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JAMA. 1997 Jan 22-29;277(4):318-24.

Ischemia during ambulatory monitoring as a prognostic indicator in patients with stable coronary artery disease.

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Cardiology Branch, National Heart, Lung, and Blood Institute, National Institutes of Health, Bethesda, Md 20892-1650, USA.



To assess long-term prognostic significance of transient ischemia in patients with documented coronary artery disease and stable symptoms and to examine the relation between transient ischemia and the site of angiographic disease progression following acute cardiac events.


Cohort study with a mean+/-SD follow-up of 51.5+/-23.8 months.


Ambulatory patients with stable coronary artery disease, assigned to medical therapy.


A total 221 patients (173 men; mean age, 60.8 years) were recruited. Of the 221 patients, 101 (45.7%) had single-vessel, 86 (38.9%) had 2-vessel, and 34 (15.4%) had 3-vessel disease. A total of 135 had a positive exercise test for ischemia, and mean+/-SD resting left ventricular ejection fraction (LVEF) was 49.8%+/-11.4%. Using conventional criteria, patients were prospectively stratified as low risk for continued medical therapy (single-vessel disease, 2-vessel disease with negative exercise test, or LVEF> or =40%; n=189 [85.5%]) or high risk for continued medical therapy (multivessel disease with ischemia and/or left ventricular dysfunction; n=32 [14.5%]).


Ambulatory ST-segment monitoring, treadmill exercise testing, radionuclide ventriculography, and coronary angiography.


Demographic, clinical, ambulatory monitoring, treadmill exercise, and left ventricular function variables as independent predictors of acute (cardiac death, myocardial infarction, or unstable angina) or all (including revascularization) cardiac events in the overall and the low-risk population.


None of the clinical or noninvasive measures of ischemia were of prognostic significance in the overall or the low-risk group. The only significant independent predictor of outcome in all patients for all events, including revascularization, was the number of diseased vessels (X2=13.5 [df=1]; P<.001). Exclusion of vessel disease resulted in conventional risk stratification as the most significant predictor of outcome from all events in all patients (X2= 10.3 [df= 1]; P=.001). In the low-risk group, the number of diseased vessels was the only predictor for all events (X2=4.6; P=.03). For acute cardiac events, none of the variables tested were of prognostic significance. Based on the frequency of events in the low-risk patients, a 2-fold increase in the rate of cardiac events in patients with transient ischemia compared with those without transient ischemia during ambulatory monitoring could be excluded with greater than 85% power and alpha of .05. Of 30 patients suffering acute nonfatal cardiac events during follow-up, angiography was performed in 27, revealing significant progression of coronary disease in 24 (88.8%) and the development of new significant lesions at sites remote from previously significant lesions in 20 (74%) cases. These new lesions were equally likely to occur in those with or without transient ischemia at initial assessment.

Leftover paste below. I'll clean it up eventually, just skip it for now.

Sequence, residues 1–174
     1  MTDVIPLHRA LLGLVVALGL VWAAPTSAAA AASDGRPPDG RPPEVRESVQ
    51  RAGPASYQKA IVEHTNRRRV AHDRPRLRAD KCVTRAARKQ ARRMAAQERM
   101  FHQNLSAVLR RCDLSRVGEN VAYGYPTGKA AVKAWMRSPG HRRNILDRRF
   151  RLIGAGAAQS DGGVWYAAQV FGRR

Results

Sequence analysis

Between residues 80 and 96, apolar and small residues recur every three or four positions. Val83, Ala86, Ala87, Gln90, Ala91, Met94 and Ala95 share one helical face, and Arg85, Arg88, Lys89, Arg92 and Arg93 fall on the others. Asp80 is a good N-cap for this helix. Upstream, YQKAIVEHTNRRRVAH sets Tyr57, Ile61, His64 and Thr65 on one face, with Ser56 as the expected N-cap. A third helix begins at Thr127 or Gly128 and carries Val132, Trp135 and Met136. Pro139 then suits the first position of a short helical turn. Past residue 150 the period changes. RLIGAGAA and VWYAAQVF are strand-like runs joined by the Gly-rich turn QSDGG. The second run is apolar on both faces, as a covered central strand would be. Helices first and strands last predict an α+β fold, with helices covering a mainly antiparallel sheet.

Acute cardiac events in predominantly low-risk stable angina patients with confirmed coronary disease are unpredictable, and those more likely to suffer such an event cannot be identified by the detection of ambulatory ischemia. Acute nonfatal cardiac events result predominantly from the development of significant new coronary lesions, not initially severe enough to cause ischemia. Patients categorized as high risk for long-term medical therapy have an increased rate of cardiac events (mainly revascularization) when compared with low-risk patients.

[Indexed for MEDLINE]

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